Seventy-five years have passed since the noise of gunfire and artillery echoed off the granite walls of the Mont Blanc Massif. This was a little-known battle of World War Two, fought at its highest altitude, and is a remarkable story of endurance and courage.
Chamonix was an important frontier post for the Germans and was under occupation until August 1944. The ridges of the Mont Blanc Massif had become a front line in the ongoing war. The Mont Blanc Battalion of the Resistance comprised French volunteer fighters and aspirant guides, stationed at the Abri Simond hut on the Col du Midi. Eight to ten men, all experienced skiers and climbers, would patrol the Vallée Blanche over ten-day rotations. The reconnaissance patrols these men conducted are now popular alpine climbs and ski tours in the winter: from the Col du Midi to the Torino Hut, Col de Toule, Mont Blanc du Tacul and the Rochefort Arête. Further defensive positions were established at the Requin hut and Montenvers, where machine gun positions were set up on either side of the Mer de Glace. Their advanced post at the Torino refuge, at an altitude of 3,365m, enabled the Resistance to observe far into the German-occupied Aosta valley.
On 2nd October 1944, the Germans took full advantage of a snowstorm to surprise the French troops stationed at the Torino hut. Their approach up the Toula glacier would have been far from easy. A short battle ensued at the Torino refuge and several members of the French resistance were killed. This was a sorrowful event in the history of mountain guides. Guides fighting guides, who in other circumstance, would be partners. The hut was mostly destroyed through grenades and machine gun fire, but the Germans now had full control of the Italian border that ran along the Mont Blanc Massif.
OP at Col du Entreves.
The Geant basin and Vallée Blanche now became a 4km no-man’s-land and the two sides continued to watch each other over the winter of 1944-45.
On 16th February 1945, French reconnaissance patrols at the Col D’Entrèves observed German supplies being moved up the Toula Glacier to the Torino hut. Fearing an imminent attack, they returned to the Col du Midi to call for reinforcements from Chamonix.
OP at the Col du Entreves.
French high altitude sentry position.
Large crevasses cut across the glaciers of the Vallée Blanche and knowing this, the French did not expect an attack until at least first light. Yet, at 03:30 a flare was seen, illuminating the mountains, above the Gros Rognon. Little did the French know that their lives had just been saved by three British officers. They were making their way from Montenvers, up the Geant icefall and on to Italy. Whilst crossing the Vallée Blanche under the cover of darkness, the British stumbled upon the advancing Germans. To warn the French of this imminent threat, they fired off a flare, which resulted in their capture.
Within the hour, the French were at the base of Pointe Lachenal, ready to confront their enemy. Gunfire echoed off the seracs high above them on Mont Blanc du Tacul but shortly after engaging the Germans, the command to retreat back to the Col du Midi until dawn was given. Amidst the confusion and the gunfire, however, the order did not reach Sergeant Jacquet and his group of three men.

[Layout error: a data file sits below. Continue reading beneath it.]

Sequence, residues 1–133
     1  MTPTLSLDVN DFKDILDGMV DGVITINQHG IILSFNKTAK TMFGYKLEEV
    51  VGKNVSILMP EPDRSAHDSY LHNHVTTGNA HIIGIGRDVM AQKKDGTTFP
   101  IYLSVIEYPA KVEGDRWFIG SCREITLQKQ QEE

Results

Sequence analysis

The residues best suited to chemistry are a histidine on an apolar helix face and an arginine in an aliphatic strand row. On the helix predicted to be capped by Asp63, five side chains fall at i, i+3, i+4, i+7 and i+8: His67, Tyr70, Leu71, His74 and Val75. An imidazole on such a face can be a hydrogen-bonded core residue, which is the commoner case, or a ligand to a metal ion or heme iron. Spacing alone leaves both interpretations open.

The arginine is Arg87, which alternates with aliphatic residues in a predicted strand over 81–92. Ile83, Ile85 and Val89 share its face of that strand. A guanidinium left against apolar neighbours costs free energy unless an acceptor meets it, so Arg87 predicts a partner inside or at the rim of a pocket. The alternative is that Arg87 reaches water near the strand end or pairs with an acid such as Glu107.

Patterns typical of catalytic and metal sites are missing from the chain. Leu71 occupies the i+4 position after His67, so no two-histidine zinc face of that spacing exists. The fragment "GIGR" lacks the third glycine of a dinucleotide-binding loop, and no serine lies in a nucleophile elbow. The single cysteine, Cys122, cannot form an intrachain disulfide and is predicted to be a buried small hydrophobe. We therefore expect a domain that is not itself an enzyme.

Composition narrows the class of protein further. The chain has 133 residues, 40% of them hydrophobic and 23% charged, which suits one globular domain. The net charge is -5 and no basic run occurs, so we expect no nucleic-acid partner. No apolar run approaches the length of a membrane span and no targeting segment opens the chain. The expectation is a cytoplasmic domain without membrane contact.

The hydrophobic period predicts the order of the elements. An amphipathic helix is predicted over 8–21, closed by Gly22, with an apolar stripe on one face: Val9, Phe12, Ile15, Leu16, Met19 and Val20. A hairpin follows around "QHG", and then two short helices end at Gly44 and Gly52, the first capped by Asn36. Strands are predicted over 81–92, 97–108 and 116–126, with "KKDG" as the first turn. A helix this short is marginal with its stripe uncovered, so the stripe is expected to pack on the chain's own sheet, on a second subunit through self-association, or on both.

Machine gun position on Mer de Glace.
Modern day Vallee Blanche.
Sergeant Jacquet and his men climbed up onto the North-East ridge of Pointe Lachenal to seek shelter until first light. From his position, he had the perfect view down onto the enemy. With the element of surprise, they unleashed a burst of machine gun fire, killing the German commander. Uncertain what to do next, the Germans posed as sitting ducks. Sergeant Jacquet’s group opened fire with every weapon they had. With no cover on the Vallée Blanche to shelter from the barrage of bullets, the Germans tried to flee, but with little success. Their skins, still attached to their skis, proved to be deadly in their retreat downhill.
"Gunfire echoed off the seracs high above
them on Mont Blanc du Tacul."
To permanently remove the Germans from the Massif was to deny them access to the mountains all together. This would involve destroying the Mont Fréty cable car.
Resistance artillery guns were transported to the Col du Midi, which had to be dismantled and transported to the Col in pieces. This effort took three days and involved five men spending three nights bivouacked on a pylon, high up on an arête at 3,000m overlooking the Glacier Rond.
Soldiers at the base of Pointe Lachenal.
Supply cart to Col du Midi.
The calculations were made and the trajectory of the shells would just scrape the crest of the ridge between the Aiguille du Grand Flambeau and the Tour Ronde. A spotter plane was used to help identify the shells’ landing locations and by the fifth burst of shells, the Mont Fréty cable car had been hit and destroyed.
The gunners roared with celebration. They had achieved one of the most elaborate and difficult operations of the war, whilst living in harsh Alpine winter conditions at high altitude and under constant bombardment by the enemy artillery. With the cable car destroyed, the Resistance had won. German forces no longer had access to the Mont Blanc Massif. The summit of Mont Blanc was still in the hands of the Chamoniards, with thanks to the courage and determination of the guides, resistance fighters and the artillery regiment.
Soldiers outside Abri Simond hut.
OP at Col du Entreves.
Based on the original article by Sue Harper, published in Summit Magazine in 1995.
Pictures: Sue Harper.